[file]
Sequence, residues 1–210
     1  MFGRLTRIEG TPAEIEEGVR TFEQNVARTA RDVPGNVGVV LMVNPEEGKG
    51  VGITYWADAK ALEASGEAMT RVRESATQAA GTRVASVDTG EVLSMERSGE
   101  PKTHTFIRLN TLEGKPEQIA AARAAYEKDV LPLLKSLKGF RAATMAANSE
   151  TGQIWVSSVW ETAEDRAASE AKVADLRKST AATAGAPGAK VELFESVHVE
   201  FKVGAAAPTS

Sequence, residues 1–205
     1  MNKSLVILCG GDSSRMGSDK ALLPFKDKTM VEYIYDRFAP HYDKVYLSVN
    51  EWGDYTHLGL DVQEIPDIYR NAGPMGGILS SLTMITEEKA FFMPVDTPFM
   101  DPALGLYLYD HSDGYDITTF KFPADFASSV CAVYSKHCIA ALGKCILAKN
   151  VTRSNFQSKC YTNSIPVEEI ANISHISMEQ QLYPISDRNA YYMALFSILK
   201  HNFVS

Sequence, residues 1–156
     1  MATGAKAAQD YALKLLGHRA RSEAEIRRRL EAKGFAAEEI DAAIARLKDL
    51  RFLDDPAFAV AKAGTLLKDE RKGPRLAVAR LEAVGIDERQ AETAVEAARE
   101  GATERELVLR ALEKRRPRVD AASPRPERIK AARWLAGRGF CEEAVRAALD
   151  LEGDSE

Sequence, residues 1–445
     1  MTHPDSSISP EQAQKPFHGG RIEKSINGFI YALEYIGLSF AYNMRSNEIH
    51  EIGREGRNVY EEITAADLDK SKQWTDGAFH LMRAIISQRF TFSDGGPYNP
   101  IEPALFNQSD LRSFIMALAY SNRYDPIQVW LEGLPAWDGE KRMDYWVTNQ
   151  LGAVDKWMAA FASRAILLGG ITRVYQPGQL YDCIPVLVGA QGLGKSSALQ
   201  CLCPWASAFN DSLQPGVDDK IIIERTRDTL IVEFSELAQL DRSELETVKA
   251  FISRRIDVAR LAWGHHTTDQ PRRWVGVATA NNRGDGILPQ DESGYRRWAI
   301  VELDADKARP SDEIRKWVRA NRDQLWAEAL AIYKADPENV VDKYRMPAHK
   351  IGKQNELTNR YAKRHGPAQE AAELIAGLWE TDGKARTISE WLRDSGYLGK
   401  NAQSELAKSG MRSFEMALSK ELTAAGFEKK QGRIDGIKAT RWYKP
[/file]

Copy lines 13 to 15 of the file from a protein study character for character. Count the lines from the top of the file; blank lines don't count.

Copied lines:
Sequence, residues 1–156
     1  MATGAKAAQD YALKLLGHRA RSEAEIRRRL EAKGFAAEEI DAAIARLKDL
    51  RFLDDPAFAV AKAGTLLKDE RKGPRLAVAR LEAVGIDERQ AETAVEAARE